I have a university degree completed in person, and I've also completed real complete university courses online. I know exactly how to manage time. I'm saying that a 3-hour lecture the student needs to sit through is an outmoded concept driven by the idea a hall needs to be reserved and students need to travel to it.
Video also forces a particular pacing, why should we still be limited to the (below) average learning speed? Real online courses for credit when I took them (~10-years back, math, science, arts) all used textbook reading and paper.
If they feel video is necessary, why not slice the weekly topics into individual videos? Easier to record, easier to consume, easier to review a specific topic later
Unfortunately the trend for the past 10-years has been ever worse consumer router hardware, a lack of security updates, decreasing performance and increasing prices. Further, a number of manufacturers have been going down the 'cloud' rathole. The industry is as bad as the telcos & cable, I for one welcome our new Google overlords.
While I'd rather run a pfsense box, these may still turn out to be much better than standard routers and be the one to recommend to your friends & family.
Purely personal preference.
Layout sure (though for tech people contorting your hands to use insert, home, end, delete, pg up and pg down is not good), the feel is definitely worse than thinkpads, though ultrabooks all feel like junk.
As opposed to regular PC laptops?
Yes, the macbook pros I've had have had 2.5-3 hours maximum battery life in Windows, less when doing many full builds. Comparable PC laptops are over double this.
More like Microsoft's design choice to prioritize speed over power savings, while Apple has done the reverse.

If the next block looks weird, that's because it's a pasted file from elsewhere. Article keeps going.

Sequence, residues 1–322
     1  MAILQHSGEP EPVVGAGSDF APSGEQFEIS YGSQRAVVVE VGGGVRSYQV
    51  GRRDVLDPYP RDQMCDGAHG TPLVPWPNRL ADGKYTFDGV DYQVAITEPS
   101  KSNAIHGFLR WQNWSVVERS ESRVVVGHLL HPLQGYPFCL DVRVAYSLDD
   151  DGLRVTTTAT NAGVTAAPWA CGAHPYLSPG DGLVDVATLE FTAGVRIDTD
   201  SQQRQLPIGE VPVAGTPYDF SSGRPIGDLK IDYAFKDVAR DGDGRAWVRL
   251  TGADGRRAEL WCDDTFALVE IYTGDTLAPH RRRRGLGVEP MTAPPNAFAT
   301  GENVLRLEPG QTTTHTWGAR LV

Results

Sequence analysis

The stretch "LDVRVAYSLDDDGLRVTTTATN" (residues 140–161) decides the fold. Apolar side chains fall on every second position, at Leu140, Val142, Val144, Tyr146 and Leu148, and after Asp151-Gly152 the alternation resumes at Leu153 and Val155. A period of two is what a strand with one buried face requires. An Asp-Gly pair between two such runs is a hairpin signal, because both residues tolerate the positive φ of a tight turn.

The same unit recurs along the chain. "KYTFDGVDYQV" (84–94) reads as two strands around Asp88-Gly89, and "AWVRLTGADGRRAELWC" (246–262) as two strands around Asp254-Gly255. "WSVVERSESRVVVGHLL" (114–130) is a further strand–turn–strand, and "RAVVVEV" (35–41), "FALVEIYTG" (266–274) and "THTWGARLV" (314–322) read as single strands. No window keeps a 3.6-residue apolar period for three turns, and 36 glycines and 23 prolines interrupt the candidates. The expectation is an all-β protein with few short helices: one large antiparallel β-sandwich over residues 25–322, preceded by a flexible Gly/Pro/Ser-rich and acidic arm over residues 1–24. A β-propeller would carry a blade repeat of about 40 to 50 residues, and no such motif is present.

It has nothing to do with that, while I agree OSX uses less battery (though is also more aggressive with dimming etc.) bootcamp boots Windows with some CPU power states inaccessible and only access to the discrete GPU (instead of the CPU integrated). Obviously both of these are pretty harmful to battery life.
They do not last any longer than any business class hardware, they are no faster than any other laptop (I guess other than a pcie SSD which really doesn't translate into noteable improvements)
As someone who has spent the last 5-years using macbooks with windows installed for work there are massive downsides. The keyboards are awful (bad layout and bad feel), they run very hot, and the battery life is poor. Both the last two points are Apples fault for disabling various power CPU states and using a proprietary GPU switching solution which they do not provide a driver for leaving Windows with access only to the integrated GPU.
If you're a Windows user you should not by Apple unless you absolutely need to have access to OSX, and even then you should consider a Windows laptop and a mac mini which combined will probably cost less.
"If Diet Coke did not exist it would have been neccessary to invent it." -- Karl Lehenbauer